FBI Director: ‘Chinese students a counterintelligence risk to national security’

FBI Director Christopher Wray told the Senate Intelligence Committee that Chinese students in the United States may be covertly spying for the Chinese government.

During questioning, Sen. Marco Rubio, R-Fla., asked Wray about “the counterintelligence risk posed to U.S. national security from Chinese students, particularly those in advanced programs in science and mathematics.”

“The use of non-traditional collectors, especially in the academic setting—whether it’s professors, scientists, students—we see in almost every field office that the FBI has around the country,” he said. “It’s not just in major cities. It’s in small ones as well, it’s across basically every discipline. And I think the level of naivete on the part of the academic sector about this creates its own issues.”

Wray also noted that the FBI is currently investigating some Chinese government-backed groups that facilitate dialogues between Chinese and American academics. He named one of them.

“We do share concerns about the Confucius Institutes,” Wray said. “We’ve been watching that development for a while. It’s just one of many tools that they take advantage of. We have seen some decrease recently in their own enthusiasm and commitment to that particular program, but it is something that we’re watching warily and in certain instances have developed appropriate investigations into them.”

In response to a question from Rubio about a large Chinese enrollment in STEM programs, Wray said, “They’re exploiting the very open research and development environment that we have, which we all revere. But they’re taking advantage of this. One of the things we’re trying to do is to view the Chinese threat as not just a whole of government threat, but a whole-of-society threat, on their end. And I think it’s going to take a whole-of-society response by us. It’s not just the Intelligence Community, but it’s raising awareness within our academic sector, within our private sector, as part of defense.”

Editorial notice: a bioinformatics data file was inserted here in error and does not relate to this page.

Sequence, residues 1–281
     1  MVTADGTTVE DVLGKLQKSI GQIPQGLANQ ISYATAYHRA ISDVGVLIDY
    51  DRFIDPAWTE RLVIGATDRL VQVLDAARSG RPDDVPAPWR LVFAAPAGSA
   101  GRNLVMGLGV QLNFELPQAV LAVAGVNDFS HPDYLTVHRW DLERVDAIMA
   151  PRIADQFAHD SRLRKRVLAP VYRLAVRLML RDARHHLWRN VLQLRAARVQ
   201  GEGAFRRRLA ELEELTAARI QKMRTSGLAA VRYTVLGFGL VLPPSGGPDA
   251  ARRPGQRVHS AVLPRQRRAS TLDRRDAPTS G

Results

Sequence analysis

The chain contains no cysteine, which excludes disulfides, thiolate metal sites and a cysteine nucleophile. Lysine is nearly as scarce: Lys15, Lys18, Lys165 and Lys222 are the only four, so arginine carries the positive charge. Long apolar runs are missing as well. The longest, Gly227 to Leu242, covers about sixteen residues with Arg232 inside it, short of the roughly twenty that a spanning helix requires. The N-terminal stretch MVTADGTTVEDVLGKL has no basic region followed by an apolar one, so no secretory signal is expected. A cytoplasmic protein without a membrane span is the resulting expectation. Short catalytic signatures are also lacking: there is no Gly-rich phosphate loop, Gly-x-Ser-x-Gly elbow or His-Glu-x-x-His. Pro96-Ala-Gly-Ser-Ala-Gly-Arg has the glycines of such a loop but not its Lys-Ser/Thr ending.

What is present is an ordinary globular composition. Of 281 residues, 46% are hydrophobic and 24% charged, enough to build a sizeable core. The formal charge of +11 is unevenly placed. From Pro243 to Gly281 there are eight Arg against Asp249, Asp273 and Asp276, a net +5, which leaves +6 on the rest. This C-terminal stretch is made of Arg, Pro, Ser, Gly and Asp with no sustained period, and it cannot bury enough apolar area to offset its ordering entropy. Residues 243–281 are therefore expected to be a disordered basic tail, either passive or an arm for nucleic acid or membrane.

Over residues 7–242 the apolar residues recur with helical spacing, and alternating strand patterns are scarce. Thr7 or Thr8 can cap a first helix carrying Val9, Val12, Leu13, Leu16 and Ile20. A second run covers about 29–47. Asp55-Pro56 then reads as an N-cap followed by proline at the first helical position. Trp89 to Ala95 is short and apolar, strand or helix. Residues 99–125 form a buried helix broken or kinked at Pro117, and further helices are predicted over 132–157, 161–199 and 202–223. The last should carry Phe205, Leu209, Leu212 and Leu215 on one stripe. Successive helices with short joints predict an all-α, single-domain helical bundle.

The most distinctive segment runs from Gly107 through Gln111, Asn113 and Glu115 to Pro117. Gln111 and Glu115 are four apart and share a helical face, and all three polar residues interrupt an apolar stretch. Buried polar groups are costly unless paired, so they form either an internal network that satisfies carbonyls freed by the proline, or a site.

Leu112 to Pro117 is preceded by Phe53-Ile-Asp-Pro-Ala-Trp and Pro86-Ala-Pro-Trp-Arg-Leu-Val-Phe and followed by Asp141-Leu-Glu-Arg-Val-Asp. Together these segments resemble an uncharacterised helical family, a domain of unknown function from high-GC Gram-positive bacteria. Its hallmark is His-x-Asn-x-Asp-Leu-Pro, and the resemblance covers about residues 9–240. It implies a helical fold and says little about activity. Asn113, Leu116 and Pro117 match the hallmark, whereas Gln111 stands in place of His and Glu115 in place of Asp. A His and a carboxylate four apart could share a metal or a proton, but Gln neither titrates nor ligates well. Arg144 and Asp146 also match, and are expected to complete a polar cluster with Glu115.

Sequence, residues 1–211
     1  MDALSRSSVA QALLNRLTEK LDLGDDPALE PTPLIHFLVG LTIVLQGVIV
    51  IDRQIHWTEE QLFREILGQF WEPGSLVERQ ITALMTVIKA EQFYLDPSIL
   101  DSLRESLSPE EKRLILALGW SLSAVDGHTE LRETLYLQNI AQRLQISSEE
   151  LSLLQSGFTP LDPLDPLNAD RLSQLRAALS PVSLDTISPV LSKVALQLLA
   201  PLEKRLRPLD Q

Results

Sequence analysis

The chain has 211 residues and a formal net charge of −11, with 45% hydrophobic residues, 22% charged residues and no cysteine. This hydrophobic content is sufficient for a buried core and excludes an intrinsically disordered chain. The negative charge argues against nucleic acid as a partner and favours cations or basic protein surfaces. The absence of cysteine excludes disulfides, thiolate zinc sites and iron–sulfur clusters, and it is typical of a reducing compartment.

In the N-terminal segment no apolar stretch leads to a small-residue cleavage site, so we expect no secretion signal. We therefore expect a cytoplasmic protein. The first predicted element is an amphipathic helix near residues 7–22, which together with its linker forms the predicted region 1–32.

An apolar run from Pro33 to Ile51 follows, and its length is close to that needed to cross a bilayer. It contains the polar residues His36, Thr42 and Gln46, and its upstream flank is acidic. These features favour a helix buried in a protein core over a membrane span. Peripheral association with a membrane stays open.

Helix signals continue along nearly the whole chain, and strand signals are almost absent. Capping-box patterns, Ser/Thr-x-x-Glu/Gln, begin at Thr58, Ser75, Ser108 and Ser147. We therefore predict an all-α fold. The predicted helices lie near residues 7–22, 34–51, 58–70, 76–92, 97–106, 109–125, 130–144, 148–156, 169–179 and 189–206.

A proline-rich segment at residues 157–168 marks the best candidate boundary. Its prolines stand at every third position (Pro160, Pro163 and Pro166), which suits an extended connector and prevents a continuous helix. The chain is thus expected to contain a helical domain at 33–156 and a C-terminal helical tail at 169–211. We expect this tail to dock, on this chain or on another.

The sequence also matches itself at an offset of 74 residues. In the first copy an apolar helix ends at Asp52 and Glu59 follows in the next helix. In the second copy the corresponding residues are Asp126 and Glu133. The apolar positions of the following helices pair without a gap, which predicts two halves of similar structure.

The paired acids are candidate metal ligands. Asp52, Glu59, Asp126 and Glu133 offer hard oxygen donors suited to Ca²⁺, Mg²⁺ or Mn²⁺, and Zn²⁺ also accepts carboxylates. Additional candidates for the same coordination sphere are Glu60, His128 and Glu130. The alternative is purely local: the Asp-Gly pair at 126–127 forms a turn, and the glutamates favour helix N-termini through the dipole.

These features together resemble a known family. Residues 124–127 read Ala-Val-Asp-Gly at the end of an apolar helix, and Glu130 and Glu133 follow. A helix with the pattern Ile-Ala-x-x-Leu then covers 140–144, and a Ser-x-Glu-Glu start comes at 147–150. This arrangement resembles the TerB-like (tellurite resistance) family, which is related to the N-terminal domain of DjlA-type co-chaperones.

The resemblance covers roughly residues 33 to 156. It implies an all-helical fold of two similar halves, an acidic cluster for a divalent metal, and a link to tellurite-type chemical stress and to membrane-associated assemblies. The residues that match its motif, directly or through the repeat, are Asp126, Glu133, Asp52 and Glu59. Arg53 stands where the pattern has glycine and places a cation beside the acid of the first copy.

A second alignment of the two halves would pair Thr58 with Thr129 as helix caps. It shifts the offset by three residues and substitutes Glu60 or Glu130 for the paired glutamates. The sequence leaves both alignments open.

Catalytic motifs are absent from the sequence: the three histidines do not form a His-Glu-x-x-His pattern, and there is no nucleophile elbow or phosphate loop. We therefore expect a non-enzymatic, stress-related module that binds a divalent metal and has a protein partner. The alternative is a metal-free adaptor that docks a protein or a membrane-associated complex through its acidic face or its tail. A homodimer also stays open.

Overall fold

Wray is not the first FBI official to warn of Chinese espionage. Edward You, an agent in the FBI’s Weapons of Mass Destruction Directorate, told members of Congress then that the bureau has concerns about Chinese government-backed efforts to gather massive amounts of data on Americans’ health. [source]

Analysis: As you might expect, Wray’s claims were widely politicized, with the U.S. media outlet reporting the story ensuring it contacted several ‘Asian-American advocacy’ groups for critical comments. 

But Wray’s dispassionate observations reflect legitimate concerns within the U.S. intelligence community about China’s ongoing counterintelligence campaign to steal U.S. technology and secrets, which began in earnest in the 1990s during the Clinton administration. His observations are based on actual intelligence collection, not opinions tainted by negative ethnic characterizations and racist connotations. In terms of academic spies, both China and the U.S. have claimed successes — and failures [source]

The politicization of Wray’s assessment is exactly why many of these congressional intelligence briefings take place behind closed doors, away from reporters and media cameras — so the intelligence professionals can give lawmakers the unfiltered truth about our enemies so they can make informed legislative decisions regarding the nation’s national security and defense needs.

As for China, politicization aside, the country is our greatest challenge for the foreseeable future, and there is no spinning that.  

Jon E. Dougherty is a political, foreign policy and national security analyst and reporter with nearly 30 years of experience in both fields. A U.S. Army veteran of Operation Enduring Freedom, he holds BA in Political Science from Ashford University and an MA in National Security Studies/Intelligence Analysis from American Military University.

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